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Letter from Joseph Lister to Professor Lutz, 6 June 1905, in the Bernard Becker Medical Library

Joseph Lister (1827-1912)
Joseph Lister (1827-1912)
Letter from Joseph Lister to Professor Lutz, 6 June 1905 page 1
Letter from Joseph Lister to Professor Lutz, 6 June 1905 page 1
Letter from Joseph Lister to Professor Lutz, 6 June 1905  page 2-3
Letter from Joseph Lister to Professor Lutz, 6 June 1905 page 2-3
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Portland Place

6 June 1905

Dear Professor Lutz

I thank you for your kindness in sending me a copy of your lecture on the great anatomist, with whose works, except as regards the discovery of the parotid duct, I confess to have been very ignorant.  I read it with deep interest.

In his description of the arrangement of the muscular fibres of the heart, he seems to have, in some degree anticipated Pettigrew’s discovery of their figure of 8 disposition.   What a fine man he seems to have been.  I greatly admire the extracts you have given from his introductory lecture.

Will you forgive me for reminding you that his name was not Steno, but Stenonis, i.e. Son of Steno, Anglice Stenson.  The words “Nicolai Stenonis Episcopi“ at the beginning of the inscription at Florence, being in the dative case, are of themselves sufficient evidence.  Had his name been Steno, the name on the inscription would have been Stenoni.

My revered teacher of physiology, Dr. Sharpey used to caution his class against this mistake. So in English anatomical works (e.g. Quain’s Anatomy) the duct is spoken of as Stenson’s duct.

Excuse me for dwelling thus on what was probably a mere inadvertence and 

Believe me

Very sincerely yours

Lister

This is the only letter from Joseph Lister (1827-1912) in Frank J. Lutz (1855-1916) correspondence.1  He writes concerning Frank J. Lutz’s article from 1904,  “Nicholas Steno, “ Medical Library and Historical Journal. 1904 Jul; 2(3): 166–182.   Nicolaus Stenson (1638-1686) discovered the parotid duct.2

From this letter in the Frank J. Lutz Papers in our archives, I formed a positive opinion of Joseph Lister as a living man who took the time to write Lutz a letter. He took genuine interest in in Lutz and his biography of Stenson.  He took the time to pass along the little that he learned about Stenson from his own teachers.  In so doing he corrected Lutz’s mistake concerning Stenson's name in a gentle way.   From the letter, I see evidence that he was a scholar, a teacher, a gentleman, a gentle man in the best sense of the word.1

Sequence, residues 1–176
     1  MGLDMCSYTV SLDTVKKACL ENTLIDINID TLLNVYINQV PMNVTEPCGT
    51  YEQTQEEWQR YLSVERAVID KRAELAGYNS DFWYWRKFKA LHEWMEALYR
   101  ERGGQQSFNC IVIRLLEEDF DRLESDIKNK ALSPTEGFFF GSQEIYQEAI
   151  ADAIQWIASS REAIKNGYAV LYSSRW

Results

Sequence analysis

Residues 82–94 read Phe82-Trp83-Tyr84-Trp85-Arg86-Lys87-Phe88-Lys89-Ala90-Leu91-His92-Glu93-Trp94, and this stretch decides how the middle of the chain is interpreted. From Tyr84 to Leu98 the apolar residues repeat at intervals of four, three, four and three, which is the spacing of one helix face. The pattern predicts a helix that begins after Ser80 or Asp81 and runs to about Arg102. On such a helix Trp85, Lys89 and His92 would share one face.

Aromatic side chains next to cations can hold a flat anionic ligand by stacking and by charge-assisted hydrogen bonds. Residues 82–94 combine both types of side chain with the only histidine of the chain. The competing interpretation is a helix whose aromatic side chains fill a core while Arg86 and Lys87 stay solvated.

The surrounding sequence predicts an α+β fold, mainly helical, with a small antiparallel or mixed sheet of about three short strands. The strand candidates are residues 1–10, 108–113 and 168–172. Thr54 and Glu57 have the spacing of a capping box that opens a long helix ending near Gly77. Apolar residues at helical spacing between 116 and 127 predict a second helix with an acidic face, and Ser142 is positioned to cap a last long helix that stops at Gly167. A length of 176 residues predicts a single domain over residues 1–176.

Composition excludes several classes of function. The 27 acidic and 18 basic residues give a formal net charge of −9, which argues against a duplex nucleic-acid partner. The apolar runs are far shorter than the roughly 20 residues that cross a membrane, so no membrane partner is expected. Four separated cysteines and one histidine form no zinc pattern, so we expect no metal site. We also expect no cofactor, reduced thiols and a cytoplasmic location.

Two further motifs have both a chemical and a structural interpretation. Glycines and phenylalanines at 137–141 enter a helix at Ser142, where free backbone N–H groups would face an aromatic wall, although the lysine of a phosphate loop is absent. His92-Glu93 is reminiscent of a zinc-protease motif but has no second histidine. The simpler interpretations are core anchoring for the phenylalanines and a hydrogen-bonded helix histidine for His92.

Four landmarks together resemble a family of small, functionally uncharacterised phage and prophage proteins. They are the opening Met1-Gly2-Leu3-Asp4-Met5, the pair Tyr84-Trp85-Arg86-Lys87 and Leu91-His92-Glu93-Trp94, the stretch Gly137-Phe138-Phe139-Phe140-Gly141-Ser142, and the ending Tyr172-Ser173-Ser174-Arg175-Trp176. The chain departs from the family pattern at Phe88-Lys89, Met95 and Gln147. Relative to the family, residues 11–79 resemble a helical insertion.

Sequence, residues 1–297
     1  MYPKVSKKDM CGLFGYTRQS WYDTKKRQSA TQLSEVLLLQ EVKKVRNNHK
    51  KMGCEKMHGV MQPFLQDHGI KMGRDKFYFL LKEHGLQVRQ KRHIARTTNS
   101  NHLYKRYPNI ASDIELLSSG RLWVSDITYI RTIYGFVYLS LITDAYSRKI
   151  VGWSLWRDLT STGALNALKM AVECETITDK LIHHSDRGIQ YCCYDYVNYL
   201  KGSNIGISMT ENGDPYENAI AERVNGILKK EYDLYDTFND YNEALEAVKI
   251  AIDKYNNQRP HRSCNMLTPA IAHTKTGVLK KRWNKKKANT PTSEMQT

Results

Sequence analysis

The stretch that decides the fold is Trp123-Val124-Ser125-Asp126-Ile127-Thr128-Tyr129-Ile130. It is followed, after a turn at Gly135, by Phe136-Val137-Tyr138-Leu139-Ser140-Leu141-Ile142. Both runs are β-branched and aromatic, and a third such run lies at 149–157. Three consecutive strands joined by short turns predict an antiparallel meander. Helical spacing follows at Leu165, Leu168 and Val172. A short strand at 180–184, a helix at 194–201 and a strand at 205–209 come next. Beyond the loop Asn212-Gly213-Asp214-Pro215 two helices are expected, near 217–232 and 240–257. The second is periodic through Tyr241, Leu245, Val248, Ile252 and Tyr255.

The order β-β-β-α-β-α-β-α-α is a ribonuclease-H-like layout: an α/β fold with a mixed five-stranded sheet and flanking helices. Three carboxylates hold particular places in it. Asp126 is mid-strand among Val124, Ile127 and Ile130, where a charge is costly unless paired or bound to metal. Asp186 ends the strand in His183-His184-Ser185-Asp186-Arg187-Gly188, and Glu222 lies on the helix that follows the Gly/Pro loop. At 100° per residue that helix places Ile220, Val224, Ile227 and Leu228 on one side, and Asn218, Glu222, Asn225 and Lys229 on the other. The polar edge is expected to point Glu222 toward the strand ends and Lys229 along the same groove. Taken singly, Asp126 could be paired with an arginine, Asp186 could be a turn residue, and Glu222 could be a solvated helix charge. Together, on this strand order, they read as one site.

Lister was a living man in 1905 who had made history.  "Lister realised the surgical implications of Louis Pasteur’s fi ndings on the role of microorganisms in fermentation, and developed a system of antiseptic wound management, which he first implemented in 1865."3 While treating a woman with a compound fracture and an abscess in 1865, Joseph Lister soaked the dressing with carbolic acid. Lister was astounded when the abcess healed and her underlying fracture knit beautifully.   In these years, Joseph Lister , Esq, F.R.S,  was professor of surgery in the University of Glasgow. The 1865 case history is in his first published paper on the subject: Joseph Lister , “On a new method of treating compound fracture, abcess: preliminary notice on abcess.  Lancet, volume 90 (volume 2), issue 2291, July 27, 1867, pages 95-96.4&5

This was only the beginning of his work on antisepsis.  As he treated more cases over the next thirty years, he and colleagues made improvements in the antiseptic method or  “Listerism.” Lister spread the word through training students, writing papers on his experience applying antisepsis, listening to critics and learning from them.  The Lancet is full of his improvements and so is the British Medical Journal.   He went on proselytizing trips first to Europe and then to the U.S.A in 1876. Lister lectured to and met many American doctors like  F.J. Lutz in 1876. Frank J. Lutz was at the beginning of his surgical career having earned his medical degree from the St. Louis Medical College that year.5

Bibliography

1. Letter from Joseph Lister to Professor Lutz, 6 June 1905, Series 1, Box 1, Folder 2, Frank J. Lutz Papers, Bernard Becker Medical Library Archives, Washington University School of Medicine.

2. Frank J. Lutz,  “Nicholas Steno, “ Medical Library and Historical Journal. 1904 Jul; 2(3): 166–182,http://www.ncbi.nlm.nih.gov/pmc/articles/PMC1692086/

3. Brian Hurwitz, Marguerite Dupree, "Why celebrate Joseph Lister?" Lancet, Vol 379 March 17, 2012, pages 39-40.

4. Joseph Lister , “On a new method of treating compound fracture, abcess: preliminary notice on abcess.  Lancet, volume 90 (volume 2), issue 2291, July 27, 1867, pages 95-96.

5. Rutkow I "Joseph Lister and his 1876 tour of America." Annals of Surgery  Volume 257, Number 6, June 2013, pages 1181-1187.

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